Yet had his aspect nothing of severe. Dryden. 2. Nonexistence; nonentity; absence of being; nihility; nothingness. Shak. 3. A thing of no account, value, or note; something irrelevant and impertinent; something of comparative unimportance; utter insignificance; a trifle.
Behold, ye are of nothing , and your work of nought. Is. xli. 24.
'T is nothing , says the fool; but, says the friend, Dryden. 4. (Arith.) A cipher; naught. Nothing but
This nothing , sir, will bring you to your end.
, only; no more than. Chaucer.
-- To make nothing of
. (a) To make no difficulty of; to consider as trifling or important
. "We are industrious to preserve our bodies from slavery, but we make nothing of
suffering our souls to be slaves to our lusts." Ray. (b) Not to understand; as, I could make nothing of what he said.
Nothing adverb In no degree; not at all; in no wise.
Adam, with such counsel nothing swayed. Milton.
The influence of reason in producing our passions is nothing near so extensive as is commonly believed. Burke. Nothing off (Nautical)
, an order to the steersman to keep the vessel close to the wind.
Nothingarian noun One of no certain belief; one belonging to no particular sect.
Nothingism noun Nihility; nothingness. [ R.]
1. Nihility; nonexistence. 2. The state of being of no value; a thing of no value.
[ French, from Latin notitia
a being known, knowledge, from noscere
, to know. See Know
.] 1. The act of noting, remarking, or observing; observation by the senses or intellect; cognizance; note.
How ready is envy to mingle with the notices we take of other persons ! I. Watts. 2. Intelligence, by whatever means communicated; knowledge given or received; means of knowledge; express notification; announcement; warning.
I . . . have given him notice that the Duke of Cornwall and Regan his duchess will be here. Shak. 3. An announcement, often accompanied by comments or remarks; as, book notices ; theatrical notices . 4. A writing communicating information or warning. 5. Attention; respectful treatment; civility. To take notice of
, to perceive especially; to observe or treat with particular attention. Syn.
-- Attention; regard; remark; note; heed; consideration; respect; civility; intelligence; advice; news.
Notice transitive verb
[ imperfect & past participle Noticed
; present participle & verbal noun Noticing
.] 1. To observe; to see to mark; to take note of; to heed; to pay attention to. 2. To show that one has observed; to take public note of; remark upon; to make comments on; to refer to; as, to notice a book.
This plant deserves to be noticed in this place. Tooke.
Another circumstance was noticed in connection with the suggestion last discussed. Sir W. Hamilton. 3. To treat with attention and civility; as, to notice strangers. Syn.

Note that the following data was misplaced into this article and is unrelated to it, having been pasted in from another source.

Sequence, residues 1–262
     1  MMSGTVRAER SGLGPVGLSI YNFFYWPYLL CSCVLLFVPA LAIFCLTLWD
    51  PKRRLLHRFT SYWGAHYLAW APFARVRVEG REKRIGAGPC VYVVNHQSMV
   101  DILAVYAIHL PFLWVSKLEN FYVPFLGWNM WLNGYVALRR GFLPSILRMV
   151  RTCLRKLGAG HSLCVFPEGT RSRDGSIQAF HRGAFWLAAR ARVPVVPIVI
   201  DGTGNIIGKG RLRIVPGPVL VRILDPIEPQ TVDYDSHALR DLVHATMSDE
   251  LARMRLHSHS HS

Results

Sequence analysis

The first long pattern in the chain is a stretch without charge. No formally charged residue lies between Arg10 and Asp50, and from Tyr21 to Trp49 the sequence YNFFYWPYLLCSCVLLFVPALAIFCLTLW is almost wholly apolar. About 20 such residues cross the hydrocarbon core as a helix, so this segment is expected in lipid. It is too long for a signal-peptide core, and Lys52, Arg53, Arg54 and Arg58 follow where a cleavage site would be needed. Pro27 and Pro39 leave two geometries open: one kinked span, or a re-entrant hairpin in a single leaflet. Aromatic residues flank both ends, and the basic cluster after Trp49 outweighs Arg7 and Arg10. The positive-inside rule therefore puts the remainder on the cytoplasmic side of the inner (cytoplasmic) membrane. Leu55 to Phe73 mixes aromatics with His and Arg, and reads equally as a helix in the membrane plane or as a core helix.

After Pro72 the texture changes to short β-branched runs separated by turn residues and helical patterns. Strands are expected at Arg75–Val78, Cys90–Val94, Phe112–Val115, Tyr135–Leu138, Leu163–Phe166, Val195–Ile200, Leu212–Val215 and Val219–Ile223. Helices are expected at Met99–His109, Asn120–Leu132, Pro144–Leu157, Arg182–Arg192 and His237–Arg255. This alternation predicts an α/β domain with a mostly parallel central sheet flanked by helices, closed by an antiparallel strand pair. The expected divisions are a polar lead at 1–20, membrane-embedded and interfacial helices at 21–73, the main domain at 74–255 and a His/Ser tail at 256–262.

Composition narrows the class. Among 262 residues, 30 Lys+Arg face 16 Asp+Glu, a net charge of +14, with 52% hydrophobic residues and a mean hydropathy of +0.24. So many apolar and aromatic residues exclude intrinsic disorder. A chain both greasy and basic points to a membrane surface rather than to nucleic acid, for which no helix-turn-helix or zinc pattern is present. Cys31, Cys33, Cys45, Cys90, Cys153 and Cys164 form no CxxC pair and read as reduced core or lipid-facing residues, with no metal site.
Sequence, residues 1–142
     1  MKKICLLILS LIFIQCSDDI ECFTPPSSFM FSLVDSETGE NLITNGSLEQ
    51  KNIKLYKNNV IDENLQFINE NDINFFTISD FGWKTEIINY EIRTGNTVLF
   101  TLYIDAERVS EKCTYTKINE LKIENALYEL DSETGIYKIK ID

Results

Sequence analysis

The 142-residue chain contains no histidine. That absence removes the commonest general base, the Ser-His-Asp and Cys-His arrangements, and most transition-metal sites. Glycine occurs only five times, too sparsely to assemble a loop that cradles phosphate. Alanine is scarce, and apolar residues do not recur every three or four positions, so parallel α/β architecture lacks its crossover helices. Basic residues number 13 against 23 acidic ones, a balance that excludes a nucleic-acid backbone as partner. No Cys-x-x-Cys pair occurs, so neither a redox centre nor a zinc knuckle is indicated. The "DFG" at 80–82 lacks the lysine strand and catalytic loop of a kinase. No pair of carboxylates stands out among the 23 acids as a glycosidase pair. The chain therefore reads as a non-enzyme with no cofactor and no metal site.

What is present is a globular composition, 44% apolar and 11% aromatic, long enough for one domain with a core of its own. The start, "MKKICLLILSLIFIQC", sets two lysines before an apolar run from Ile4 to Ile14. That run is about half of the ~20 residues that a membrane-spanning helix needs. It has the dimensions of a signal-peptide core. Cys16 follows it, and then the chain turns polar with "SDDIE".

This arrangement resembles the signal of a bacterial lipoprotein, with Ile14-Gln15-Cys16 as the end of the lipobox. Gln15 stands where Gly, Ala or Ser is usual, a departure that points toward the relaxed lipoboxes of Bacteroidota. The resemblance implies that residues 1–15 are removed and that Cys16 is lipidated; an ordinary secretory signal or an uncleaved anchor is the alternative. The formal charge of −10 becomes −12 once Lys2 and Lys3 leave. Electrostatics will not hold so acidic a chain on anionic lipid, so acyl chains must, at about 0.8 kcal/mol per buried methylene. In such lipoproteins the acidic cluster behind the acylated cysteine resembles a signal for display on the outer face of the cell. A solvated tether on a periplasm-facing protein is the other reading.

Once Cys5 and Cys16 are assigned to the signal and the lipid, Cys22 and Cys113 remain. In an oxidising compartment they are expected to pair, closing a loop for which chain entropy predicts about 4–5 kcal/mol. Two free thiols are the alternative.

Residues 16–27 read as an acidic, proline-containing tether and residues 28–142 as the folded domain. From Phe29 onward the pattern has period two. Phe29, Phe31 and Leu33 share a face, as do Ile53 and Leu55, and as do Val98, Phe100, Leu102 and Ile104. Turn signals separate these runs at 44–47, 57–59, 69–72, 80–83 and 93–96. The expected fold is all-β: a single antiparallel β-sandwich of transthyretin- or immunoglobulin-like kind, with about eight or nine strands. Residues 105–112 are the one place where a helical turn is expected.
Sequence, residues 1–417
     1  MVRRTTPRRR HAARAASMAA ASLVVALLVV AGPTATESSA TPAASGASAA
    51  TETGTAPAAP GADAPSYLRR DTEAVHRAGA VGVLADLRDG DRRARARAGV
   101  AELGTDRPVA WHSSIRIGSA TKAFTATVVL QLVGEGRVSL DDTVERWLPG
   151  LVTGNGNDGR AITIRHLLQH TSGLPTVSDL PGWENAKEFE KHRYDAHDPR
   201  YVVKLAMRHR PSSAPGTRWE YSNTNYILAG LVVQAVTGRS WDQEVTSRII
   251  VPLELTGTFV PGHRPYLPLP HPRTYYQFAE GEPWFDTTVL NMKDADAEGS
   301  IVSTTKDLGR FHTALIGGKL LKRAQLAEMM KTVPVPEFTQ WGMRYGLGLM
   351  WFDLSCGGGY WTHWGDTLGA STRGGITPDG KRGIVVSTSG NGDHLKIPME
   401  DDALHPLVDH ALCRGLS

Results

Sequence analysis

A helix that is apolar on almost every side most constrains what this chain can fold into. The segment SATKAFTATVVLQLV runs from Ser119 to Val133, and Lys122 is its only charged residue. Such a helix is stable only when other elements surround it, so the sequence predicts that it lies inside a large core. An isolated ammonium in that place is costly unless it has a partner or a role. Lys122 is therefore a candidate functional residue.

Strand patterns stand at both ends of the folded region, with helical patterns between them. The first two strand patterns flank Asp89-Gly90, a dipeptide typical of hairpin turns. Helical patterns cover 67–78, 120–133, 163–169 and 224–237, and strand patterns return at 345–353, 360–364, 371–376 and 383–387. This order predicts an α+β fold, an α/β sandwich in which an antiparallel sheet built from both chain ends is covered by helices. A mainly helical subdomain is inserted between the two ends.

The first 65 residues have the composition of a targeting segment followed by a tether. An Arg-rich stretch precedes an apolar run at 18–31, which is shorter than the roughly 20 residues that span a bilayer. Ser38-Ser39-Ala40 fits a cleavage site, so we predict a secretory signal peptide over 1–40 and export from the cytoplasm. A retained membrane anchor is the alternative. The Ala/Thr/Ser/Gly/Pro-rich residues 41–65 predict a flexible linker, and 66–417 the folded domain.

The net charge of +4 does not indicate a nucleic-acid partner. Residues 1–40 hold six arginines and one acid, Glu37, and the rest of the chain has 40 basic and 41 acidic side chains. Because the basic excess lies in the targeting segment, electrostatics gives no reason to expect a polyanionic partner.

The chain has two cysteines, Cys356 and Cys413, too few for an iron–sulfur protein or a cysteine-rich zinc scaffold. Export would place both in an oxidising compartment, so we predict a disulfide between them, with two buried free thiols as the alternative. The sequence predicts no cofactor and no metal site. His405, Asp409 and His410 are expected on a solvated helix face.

-- To remark; observe; perceive; see; mark; note; mind; regard; heed; mention. See Remark
Noticeable adjective Capable of being observed; worthy of notice; likely to attract observation; conspicuous.
A noticeable man, with large gray eyes. Wordsworth.
Noticeably adverb In a noticeable manner.
Noticer noun One who notices.
[ Greek ... back + ... comely.] (Zoology) Any one of several species of sharks of the family Notidanidæ , or Hexanchidæ . Called also cow sharks . See Shark .
[ Confer French notification
. See Notify
.] 1. The act of notifying, or giving notice; the act of making known; especially, the act of giving official notice or information to the public or to individuals, corporations, companies, or societies, by words, by writing, or by other means. 2. Notice given in words or writing, or by signs. 3. The writing which communicates information; an advertisement, or citation, etc.
Notify transitive verb
[ imperfect & past participle Notified
; present participle & verbal noun Notifying
.] [ French notifier
, Latin notificare
known (past participle of noscere
to known) + - ficare
(in comp.) to make. See Know
, and -fy
.] 1. To make known; to declare; to publish; as, to notify a fact to a person.
No law can bind till it be notified or promulged. Sowth. 2. To give notice to; to inform by notice; to apprise; as, the constable has notified the citizens to meet at the city hall; the bell notifies us of the time of meeting.
The President of the United States has notified the House of Representatives that he has approved and signed the act. Journal of the Senate, U. S.
» This application of notify
has been condemned; but it is in constant good use in the United States, and in perfect accordance with the use of certify
[ Latin notio
, from noscere
to know: confer French notion
. See Know
.] 1. Mental apprehension of whatever may be known or imagined; an idea; a conception; more properly, a general or universal conception, as distinguishable or definable by marks or notæ .